Relief from bottleneck traffic is on the way for one of Butler County’s busiest interchanges.
The Interstate 75/Union Centre Boulevard interchange is in line to be restructured with a diverging diamond interchange, or DDI, that will create a “free flowing” pattern with fewer left turns and traffic signals, according to officials.
The project, a $13 million tax increment financing job, is expected to be built in 2019.
The Union Centre Boulevard interchange is one I-75’s busiest in the Cincinnati area, serving as a gateway to a business, entertainment and shopping corridor that is a regional draw due to attractions like IKEA and TopGolf and major employers like GE Aviation.
The first DDI in Ohio was built at I-270 and Roberts Road outside of Columbus, Stanley said. Another has been installed at I-475 and Ohio 25 in Perrysburg near Toledo, according to the Ohio Department of Transportation’s website.
The DDI design allows “free flowing turns when entering and exiting an interstate,” according a transportation video.
Separated by concrete barriers, “both sides drive on the opposite side of the road before crossing back and resuming their original pattern,” the video states.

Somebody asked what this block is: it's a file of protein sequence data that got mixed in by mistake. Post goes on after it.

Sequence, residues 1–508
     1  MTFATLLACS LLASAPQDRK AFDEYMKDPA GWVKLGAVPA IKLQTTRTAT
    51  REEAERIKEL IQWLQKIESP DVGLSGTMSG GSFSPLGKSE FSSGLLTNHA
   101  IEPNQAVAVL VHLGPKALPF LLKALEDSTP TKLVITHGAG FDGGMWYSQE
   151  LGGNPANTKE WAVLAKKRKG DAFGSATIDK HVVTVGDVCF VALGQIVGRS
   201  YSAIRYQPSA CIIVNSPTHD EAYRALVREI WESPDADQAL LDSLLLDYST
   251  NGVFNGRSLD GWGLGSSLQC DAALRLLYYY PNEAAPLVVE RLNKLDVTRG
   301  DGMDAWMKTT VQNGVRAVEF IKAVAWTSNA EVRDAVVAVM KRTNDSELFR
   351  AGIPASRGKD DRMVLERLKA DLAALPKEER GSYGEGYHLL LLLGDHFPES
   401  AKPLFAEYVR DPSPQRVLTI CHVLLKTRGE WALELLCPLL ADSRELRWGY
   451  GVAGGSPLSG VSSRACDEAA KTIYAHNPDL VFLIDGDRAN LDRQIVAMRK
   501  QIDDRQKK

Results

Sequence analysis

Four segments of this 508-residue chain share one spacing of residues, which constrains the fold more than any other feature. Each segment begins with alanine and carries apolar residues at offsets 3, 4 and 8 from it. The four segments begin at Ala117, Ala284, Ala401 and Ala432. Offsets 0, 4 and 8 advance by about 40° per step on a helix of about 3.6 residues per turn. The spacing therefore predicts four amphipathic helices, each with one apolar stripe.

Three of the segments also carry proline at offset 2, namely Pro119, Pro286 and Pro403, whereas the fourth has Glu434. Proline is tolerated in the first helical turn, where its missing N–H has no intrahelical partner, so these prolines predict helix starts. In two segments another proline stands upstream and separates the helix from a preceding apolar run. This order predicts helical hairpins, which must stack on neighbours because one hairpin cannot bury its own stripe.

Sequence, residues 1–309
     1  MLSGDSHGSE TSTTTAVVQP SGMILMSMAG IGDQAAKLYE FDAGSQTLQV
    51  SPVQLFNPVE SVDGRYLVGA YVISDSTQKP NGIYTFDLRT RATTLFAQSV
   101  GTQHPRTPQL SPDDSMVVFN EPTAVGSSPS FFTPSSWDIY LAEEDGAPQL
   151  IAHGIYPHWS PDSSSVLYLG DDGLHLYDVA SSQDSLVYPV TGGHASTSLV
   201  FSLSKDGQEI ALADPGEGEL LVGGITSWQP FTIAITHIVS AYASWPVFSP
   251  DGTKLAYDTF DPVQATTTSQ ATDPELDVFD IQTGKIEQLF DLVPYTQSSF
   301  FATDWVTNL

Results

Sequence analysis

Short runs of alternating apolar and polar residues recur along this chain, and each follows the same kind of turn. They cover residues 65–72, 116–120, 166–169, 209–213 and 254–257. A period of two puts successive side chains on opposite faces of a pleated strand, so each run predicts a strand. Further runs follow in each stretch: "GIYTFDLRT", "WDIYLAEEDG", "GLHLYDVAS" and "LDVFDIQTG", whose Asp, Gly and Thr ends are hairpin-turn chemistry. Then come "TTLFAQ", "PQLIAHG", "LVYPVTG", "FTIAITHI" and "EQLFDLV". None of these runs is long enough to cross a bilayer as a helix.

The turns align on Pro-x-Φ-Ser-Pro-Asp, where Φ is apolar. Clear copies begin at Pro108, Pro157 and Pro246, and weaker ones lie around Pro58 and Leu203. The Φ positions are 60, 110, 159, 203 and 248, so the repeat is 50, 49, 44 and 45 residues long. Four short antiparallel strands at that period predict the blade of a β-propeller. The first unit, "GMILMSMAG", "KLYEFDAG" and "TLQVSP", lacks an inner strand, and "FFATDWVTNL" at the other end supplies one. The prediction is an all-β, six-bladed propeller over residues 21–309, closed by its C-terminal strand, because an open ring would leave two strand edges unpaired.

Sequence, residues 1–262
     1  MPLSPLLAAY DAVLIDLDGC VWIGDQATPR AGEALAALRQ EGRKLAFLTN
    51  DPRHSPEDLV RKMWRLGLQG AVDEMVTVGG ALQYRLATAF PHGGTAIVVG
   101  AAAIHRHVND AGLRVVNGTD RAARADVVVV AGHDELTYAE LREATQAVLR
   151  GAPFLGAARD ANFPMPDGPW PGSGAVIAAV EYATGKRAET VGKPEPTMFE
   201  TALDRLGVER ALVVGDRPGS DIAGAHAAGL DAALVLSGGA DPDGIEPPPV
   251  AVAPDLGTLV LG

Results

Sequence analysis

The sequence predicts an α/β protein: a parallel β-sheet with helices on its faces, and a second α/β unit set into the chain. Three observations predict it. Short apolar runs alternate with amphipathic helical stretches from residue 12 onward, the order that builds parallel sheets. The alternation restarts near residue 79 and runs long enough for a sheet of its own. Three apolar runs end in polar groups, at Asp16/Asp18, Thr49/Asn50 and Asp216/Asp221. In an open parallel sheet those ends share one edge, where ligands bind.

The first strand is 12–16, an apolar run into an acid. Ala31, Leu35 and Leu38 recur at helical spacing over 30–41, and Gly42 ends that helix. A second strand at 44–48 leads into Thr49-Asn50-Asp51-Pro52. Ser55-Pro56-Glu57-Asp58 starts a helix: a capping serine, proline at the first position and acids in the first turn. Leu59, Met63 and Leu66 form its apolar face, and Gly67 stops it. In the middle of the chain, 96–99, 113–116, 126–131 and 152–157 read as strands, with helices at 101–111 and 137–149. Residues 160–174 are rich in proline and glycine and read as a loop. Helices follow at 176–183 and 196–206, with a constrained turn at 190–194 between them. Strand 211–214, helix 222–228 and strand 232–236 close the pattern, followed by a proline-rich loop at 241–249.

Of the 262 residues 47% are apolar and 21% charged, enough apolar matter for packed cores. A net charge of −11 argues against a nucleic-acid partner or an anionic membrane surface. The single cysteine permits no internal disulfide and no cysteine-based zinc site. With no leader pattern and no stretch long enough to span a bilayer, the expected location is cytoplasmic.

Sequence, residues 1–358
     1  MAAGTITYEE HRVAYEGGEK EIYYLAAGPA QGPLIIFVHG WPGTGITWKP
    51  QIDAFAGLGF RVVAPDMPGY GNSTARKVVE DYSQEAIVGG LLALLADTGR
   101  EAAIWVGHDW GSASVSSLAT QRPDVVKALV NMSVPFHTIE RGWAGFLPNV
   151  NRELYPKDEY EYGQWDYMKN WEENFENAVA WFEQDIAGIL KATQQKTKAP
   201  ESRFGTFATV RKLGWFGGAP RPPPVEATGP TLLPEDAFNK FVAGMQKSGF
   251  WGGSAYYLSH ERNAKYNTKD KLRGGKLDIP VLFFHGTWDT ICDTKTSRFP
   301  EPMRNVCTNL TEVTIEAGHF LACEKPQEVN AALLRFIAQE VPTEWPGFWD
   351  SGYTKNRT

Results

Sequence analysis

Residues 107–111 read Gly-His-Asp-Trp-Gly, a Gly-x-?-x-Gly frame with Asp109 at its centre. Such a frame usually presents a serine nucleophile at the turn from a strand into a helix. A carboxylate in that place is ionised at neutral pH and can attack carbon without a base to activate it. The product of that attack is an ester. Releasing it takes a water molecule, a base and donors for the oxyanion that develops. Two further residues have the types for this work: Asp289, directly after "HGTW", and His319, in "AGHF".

“It looks confusing maybe on the surface, but when you are in it, you just go with the flow and you won’t even recognize what’s really taking place,” Butler County Engineer Greg Wilkens previously told the Journal-News.
He described the DDI design as one that eliminates left-hand turns. Drivers wanting to get on the interstate no longer have to wait for a left-turn signal: They simply veer off to the left as they cross the bridge and head down the ramp.
Construction is slated to begin in early spring, with the goal of having only a three-day closure while work is done on the bridge deck, according to Butler County Chief Deputy Engineer Dale Schwieterman.
Drivers will still be able get on and off I-75 during the closure, they just won’t be able to cross over the interstate via the bridge, he said.
“Right now we’re looking at can we close it on a Thursday after rush hour and open it up Monday morning, Sunday night before rush hour,” Schwieterman said.
Also planned are cosmetic changes designed to “make a statement” at the interchange that serves as the southern doorstep of the township, said Tim Franck, director of community services for West Chester.
The vandal fencing will be removed, and new lighting, “hard-scaping” — decorative fencing, sculptures — and stamped concrete will be installed, he said.
This article contains additional reporting by staff writer Nick Blizzard.
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